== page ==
Q. Types of Whey Protein?
A. There are three main types of whey protein:
Whey Protein Concentrate
· Low in fat
· 75% pure protein by weight
· Lower cost
Whey Protein Isolate
· Purest form of whey protein
· Contains 90% or greater protein with minimal lactose (<1%) and virtually no fat
· Higher cost
Hydrolyzed Whey Protein
· Hydrolysis is the process which breaks down the protein chains into small fractions called "peptides".
· Easily digested and less potential for allergic reactions.
There are also many blends of the three types discussed above available. Typically the cheapest form of whey will make up the highest content with the remaining content being based on cost. So a blend would be largely concentrate, with only small amounts of isolate. This is why you can find 5 lb tubs pretty cheap, especially when compared to a smaller container of pure isolate.
Q. Why is Whey Protein Important?
A. Protein is the most essential macro-nutrient for any weight training enthusiast. It is critical for the growth and repair of muscle tissue. It's what we are made of after water. The higher quality allows for greater absorption with the amino acids, content being superior to lower quality forms of protein. Higher amounts of the BCAA's (leucine, iso-leucine and valine) as well as glutamine are also found in abundant supply, these are important for energy and recovery after a hard workout. Since protein requires more calories to digest than either carbohydrates or fat, it's important to fat loss goals as well. Additionally, it can be important medically, aiding in things such as type-2 diabetes, wound healing and even cancer.
Q. When should I take whey protein?
A. A main advantage of Whey Protein, because it is quickly digestible, is that it can be taken both pre and post workout. Generally, a larger dosage is taken post workout, so it can begin to aid the muscle repair and growth from your training session. Whey protein can also be taken in one or two of your other ‘snack’ meals throughout the day but should not be used as meal replacement.
Another good time to take whey is first thing in the morning. Overnight, your stores of glycogen can be diminished and your body will be breaking down muscle for energy. If you are bodybuilding or looking to add muscle mass, this is the last thing that you want! A quick whey shake first thing in the morning will give your body that vital protein it requires.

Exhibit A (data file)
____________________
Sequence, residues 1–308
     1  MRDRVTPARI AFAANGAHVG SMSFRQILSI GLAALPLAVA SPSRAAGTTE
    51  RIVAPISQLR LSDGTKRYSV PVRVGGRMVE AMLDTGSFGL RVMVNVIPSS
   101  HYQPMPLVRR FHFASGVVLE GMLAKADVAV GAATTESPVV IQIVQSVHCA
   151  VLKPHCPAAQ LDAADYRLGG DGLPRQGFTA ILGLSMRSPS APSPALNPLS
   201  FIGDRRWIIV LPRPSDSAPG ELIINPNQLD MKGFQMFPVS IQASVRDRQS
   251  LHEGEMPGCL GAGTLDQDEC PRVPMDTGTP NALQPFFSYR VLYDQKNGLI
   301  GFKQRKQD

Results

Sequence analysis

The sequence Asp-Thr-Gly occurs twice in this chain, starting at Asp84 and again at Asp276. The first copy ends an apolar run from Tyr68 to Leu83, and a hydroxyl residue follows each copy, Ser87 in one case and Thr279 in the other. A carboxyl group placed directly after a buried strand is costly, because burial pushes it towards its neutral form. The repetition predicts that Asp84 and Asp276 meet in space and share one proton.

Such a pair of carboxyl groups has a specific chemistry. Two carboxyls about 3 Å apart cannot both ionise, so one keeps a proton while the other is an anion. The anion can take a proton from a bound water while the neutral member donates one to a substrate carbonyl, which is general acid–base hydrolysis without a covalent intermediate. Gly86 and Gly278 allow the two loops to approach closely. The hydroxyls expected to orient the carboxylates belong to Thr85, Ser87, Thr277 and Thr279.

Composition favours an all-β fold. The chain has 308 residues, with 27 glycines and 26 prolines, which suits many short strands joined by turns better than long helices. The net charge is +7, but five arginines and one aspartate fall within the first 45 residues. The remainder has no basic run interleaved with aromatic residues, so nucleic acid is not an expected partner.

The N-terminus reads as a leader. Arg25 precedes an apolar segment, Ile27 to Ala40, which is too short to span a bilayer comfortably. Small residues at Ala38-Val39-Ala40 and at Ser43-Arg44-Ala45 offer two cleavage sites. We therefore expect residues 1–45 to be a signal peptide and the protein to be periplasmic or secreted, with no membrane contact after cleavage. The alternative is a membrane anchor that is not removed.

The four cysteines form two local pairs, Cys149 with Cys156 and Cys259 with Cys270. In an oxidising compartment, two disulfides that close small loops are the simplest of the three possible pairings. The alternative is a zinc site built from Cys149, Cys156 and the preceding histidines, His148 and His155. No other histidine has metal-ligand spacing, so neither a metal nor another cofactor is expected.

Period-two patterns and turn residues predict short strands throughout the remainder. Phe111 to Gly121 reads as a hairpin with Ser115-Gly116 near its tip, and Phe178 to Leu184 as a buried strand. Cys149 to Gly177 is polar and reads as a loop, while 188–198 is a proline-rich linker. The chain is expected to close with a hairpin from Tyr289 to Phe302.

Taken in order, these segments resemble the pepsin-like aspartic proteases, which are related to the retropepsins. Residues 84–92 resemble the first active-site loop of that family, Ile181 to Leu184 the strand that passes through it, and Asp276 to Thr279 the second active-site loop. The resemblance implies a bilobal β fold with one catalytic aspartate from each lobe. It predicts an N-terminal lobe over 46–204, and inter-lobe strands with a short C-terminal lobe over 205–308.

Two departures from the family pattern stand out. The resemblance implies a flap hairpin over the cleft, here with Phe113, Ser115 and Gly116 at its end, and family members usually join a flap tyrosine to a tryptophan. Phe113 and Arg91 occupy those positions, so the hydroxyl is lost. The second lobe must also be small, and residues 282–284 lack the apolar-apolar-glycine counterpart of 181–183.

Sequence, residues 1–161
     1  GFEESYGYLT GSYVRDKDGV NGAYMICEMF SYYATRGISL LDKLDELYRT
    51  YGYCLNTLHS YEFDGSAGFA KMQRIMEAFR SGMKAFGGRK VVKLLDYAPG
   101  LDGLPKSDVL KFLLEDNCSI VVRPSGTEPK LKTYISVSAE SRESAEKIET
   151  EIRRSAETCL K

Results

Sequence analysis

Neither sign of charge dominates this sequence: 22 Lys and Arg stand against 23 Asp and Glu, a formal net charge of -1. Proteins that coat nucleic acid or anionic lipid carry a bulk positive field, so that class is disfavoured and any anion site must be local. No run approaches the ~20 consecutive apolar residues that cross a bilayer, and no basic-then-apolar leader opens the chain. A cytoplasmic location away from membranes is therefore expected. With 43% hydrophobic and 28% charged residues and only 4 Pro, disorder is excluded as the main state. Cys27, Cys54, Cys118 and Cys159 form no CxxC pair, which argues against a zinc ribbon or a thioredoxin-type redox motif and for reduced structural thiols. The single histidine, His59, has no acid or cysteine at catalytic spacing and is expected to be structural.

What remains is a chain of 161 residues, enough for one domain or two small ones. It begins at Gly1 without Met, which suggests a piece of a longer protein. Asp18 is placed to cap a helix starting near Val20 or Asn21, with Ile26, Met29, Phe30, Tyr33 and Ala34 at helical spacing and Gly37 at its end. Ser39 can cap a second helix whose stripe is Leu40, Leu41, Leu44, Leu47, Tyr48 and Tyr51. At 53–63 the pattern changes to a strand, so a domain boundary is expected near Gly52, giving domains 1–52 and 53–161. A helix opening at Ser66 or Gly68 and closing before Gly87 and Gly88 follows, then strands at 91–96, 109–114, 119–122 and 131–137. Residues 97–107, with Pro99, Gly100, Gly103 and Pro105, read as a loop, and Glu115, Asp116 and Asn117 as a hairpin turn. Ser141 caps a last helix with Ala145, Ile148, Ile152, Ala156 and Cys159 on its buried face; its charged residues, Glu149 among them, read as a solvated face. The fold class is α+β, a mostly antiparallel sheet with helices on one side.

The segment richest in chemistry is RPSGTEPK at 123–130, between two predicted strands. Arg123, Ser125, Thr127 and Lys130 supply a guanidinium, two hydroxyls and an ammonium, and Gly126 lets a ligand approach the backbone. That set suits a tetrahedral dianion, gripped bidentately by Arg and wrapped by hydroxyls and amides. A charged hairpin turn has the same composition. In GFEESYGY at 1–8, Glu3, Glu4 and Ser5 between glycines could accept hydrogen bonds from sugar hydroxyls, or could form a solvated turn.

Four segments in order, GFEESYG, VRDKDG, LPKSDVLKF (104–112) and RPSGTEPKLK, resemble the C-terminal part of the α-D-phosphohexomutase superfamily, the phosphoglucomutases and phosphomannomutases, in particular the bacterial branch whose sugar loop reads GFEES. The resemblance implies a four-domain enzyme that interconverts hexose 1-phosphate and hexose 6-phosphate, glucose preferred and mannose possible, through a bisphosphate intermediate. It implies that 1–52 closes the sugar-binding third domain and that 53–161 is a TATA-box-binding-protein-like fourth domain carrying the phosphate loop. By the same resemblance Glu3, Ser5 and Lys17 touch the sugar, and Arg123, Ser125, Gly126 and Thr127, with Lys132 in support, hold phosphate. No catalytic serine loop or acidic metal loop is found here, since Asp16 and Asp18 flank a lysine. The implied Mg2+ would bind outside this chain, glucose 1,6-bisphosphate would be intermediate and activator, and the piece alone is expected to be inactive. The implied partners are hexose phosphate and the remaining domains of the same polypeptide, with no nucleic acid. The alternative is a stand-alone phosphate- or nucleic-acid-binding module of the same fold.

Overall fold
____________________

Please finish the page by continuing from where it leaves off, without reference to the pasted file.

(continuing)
Q. How much whey protein do I need?
A. For any hard training bodybuilder or weight lifter, total protein intake on a daily basis should be 1 to 1.5 grams per pound of body weight. For women, I suggest about 75% of those numbers. You need to take the total number and divide that by six – the number of meals per day you should be eating. Of those six, whey protein can be used as discussed above and anytime you cannot get to a whole food meal. This is important because you never want to go more than three hours without getting in some protein. This means, depending on your school or work obligations, a protein shake may be your only option. Remember the total grams divided by six calculation? That number is what you want to use per shake.
For adults who are not training with weights but may be performing light exercise, I suggest .75 grams per pound of body weight. The reason I suggest that number is if you are trying to get in shape and lose weight, you will want a higher protein intake as well as a lower carbohydrate and fat intake. In this case, choose only lean food sources of protein. If you are doing no exercise whatsoever, drop that number to .50 grams per pound of body weight but remember, if you begin to exercise your needs will go up.
Q. Can I Mix my Whey Protein Shake Up the Day Before?
A. Yes this generally is fine, although I wouldn't recommend any more than a day before. I would also suggest you keep the made up shake in the fridge. This can be convenient to do, especially if we are trying to fit in nutrition around our busy lives. Another option is to carry one or two servings of powder with you along with a shaker cup as long as you have access to water. I've done this for years and it's quick and easy. Still another choice is to pre-make the shake in the morning before you leave and add some ice to it to keep it cold.
Q. I am Vegetarian. Can I take Whey Protein?